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The kind of transparency and linearity I saw on campus, via this construction screen, is what I was aiming for in my print
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Below, a proof in madder over cadmium yellow/orange from the previous day; two unregistered proofs from this morning. I'm liking this blue/green over yellow/green
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Above, working with Brown Sanders
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Below, my inked plate ready to be placed on the press
Both photos: Marcia Wood
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How I gained a few extra inches to see the press bed from a sufficient height. Photo: Marcia Wood
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When he was burning the plates, Tim suggested turning the square on its point. I’m so oriented to the horizontal and vertical I might never have thought of it. Since my new approach was to not think like a painter, I went for it. I liked it. And that’s how we did the prints. Working with Brown Sanders and Clara Euam, we printed an edition of 30 on Wednesday afternoon and all day Thursday. Tim offered assistance and advice as requested, but mostly it was the three of us, working slowly. Clara and I prepared each plate for printing, with Brown helping me align the second plate, and Marcia stepping in occasionally to lay paper or to rack. Everyone took turns at the crank.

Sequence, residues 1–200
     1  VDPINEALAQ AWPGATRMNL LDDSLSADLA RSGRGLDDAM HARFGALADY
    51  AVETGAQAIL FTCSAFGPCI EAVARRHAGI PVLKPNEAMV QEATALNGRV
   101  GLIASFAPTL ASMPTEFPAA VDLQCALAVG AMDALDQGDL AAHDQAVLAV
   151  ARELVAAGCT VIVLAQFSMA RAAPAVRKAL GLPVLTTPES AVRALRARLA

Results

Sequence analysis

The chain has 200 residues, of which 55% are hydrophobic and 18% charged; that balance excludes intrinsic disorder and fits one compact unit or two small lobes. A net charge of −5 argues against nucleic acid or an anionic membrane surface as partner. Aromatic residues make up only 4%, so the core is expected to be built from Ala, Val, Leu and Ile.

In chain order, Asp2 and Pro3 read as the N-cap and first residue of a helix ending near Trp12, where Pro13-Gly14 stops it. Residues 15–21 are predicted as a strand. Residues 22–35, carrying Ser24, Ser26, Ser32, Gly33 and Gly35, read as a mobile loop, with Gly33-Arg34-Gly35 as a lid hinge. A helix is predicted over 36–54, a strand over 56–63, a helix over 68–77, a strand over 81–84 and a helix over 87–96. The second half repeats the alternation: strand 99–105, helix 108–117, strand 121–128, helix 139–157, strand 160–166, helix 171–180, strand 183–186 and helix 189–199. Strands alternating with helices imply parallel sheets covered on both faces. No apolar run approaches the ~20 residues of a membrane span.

One of the first prints in the edition. I'm a happy camper.
The emerald hue and the diagonal orientation give this image a gemlike quality, no?
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Marcia racking the print
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On Thursday, Katherine Taylor and Kate Javens, working with Tim, printed their editions. I was printing while they were printing, but I did manage to take a few photos. Take a look:
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Katherine Taylor's palette . . .
. . . for the print Clara is pulling


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Katherine's print on the rack . . .